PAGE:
The Ganges River is worshiped by a billion Hindus and a water source for 400 million, but the stress and pollution have turned it into an environmental disaster.
Known as “Mother Ganga,” Hindus believe that a dip in the river absolves a lifetime of sin. Here in the northern town of Devprayag where the head of the Ganges is formed, the waters appear crystal clear, drawing villagers to perform ablutions.
But as the 1,500 mile long river snakes its way through the densely populated plains of north India, so much water is sucked out that it’s nearly impossible to maintain a healthy, clean flow. Still, thousands immerse themselves in the river every day, some bottling the water to drink and use for crops.
Further downstream in the industrial city of Kanpur. Tannery workers haul chemical-soaked buffalo hides into huge drums and dump their run-off into the river. Industrial waste and sewage pour in from open drains and clouds of foam float on its surface.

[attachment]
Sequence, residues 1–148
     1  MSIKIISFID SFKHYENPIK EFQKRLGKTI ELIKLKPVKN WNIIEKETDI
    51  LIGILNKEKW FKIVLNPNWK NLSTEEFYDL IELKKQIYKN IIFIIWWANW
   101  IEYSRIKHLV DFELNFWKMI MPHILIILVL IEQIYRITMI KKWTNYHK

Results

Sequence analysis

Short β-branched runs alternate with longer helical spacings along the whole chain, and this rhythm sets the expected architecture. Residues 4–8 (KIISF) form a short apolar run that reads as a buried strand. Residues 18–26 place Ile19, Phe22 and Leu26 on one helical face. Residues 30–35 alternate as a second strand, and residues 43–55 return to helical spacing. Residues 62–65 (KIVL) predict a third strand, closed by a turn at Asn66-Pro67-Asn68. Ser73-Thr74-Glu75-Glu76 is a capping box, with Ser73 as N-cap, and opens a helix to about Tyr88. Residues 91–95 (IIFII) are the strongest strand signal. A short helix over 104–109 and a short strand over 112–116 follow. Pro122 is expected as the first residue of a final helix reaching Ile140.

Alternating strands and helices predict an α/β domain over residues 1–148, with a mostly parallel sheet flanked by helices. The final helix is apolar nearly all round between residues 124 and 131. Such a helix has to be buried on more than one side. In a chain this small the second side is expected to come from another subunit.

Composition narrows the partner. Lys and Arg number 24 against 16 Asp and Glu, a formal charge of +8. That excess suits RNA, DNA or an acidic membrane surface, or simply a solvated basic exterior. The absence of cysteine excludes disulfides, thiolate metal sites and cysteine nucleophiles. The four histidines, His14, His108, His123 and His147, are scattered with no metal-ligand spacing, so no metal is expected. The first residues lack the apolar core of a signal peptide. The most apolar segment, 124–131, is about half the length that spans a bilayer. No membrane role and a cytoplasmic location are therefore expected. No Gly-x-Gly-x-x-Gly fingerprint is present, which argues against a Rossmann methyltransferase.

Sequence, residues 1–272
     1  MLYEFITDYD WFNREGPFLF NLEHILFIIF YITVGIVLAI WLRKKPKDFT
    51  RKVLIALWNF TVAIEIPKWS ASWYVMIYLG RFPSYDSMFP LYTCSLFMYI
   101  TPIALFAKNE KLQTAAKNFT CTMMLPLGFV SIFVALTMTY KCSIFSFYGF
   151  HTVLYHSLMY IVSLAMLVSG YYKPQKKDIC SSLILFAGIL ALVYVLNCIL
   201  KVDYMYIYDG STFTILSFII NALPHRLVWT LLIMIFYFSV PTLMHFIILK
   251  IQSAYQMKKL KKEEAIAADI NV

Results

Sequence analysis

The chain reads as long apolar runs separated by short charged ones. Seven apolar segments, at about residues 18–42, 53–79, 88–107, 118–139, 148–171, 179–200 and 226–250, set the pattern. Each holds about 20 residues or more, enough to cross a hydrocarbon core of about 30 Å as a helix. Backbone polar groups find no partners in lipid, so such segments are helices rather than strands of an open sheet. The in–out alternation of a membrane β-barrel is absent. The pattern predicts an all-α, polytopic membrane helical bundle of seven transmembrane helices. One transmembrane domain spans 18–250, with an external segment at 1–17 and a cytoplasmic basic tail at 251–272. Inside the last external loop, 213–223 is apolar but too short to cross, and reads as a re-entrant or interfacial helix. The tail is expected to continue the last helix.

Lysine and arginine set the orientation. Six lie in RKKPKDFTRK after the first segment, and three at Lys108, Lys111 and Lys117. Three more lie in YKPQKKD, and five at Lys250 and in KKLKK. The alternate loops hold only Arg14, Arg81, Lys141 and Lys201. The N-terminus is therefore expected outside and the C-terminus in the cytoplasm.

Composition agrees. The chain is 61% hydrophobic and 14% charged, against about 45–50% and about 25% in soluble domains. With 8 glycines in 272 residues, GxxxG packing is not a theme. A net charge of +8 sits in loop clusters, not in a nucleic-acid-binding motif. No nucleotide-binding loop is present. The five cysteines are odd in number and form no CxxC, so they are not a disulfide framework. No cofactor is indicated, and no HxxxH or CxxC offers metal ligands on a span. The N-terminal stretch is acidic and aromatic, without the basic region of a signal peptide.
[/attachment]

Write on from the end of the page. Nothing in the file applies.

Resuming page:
In the ancient and holy city of Varanasi, Hindu pilgrims seek spiritual purification and cremate their dead along the river banks. Many pray that followers will keep the Ganges clean.
As the river widens it curves southwards, collecting debris as it passes through thousands more villages and cities. In the metropolis of Kolkata, people bathe and brush their teeth next to mounds of garbage.
The Indian government has proposed a number of efforts to restore the Ganges, but the $3 billion clean-up plan is badly behind schedule. An estimated 4.8 billion liters of sewage flows into the river every day. Less than a quarter of it is treated.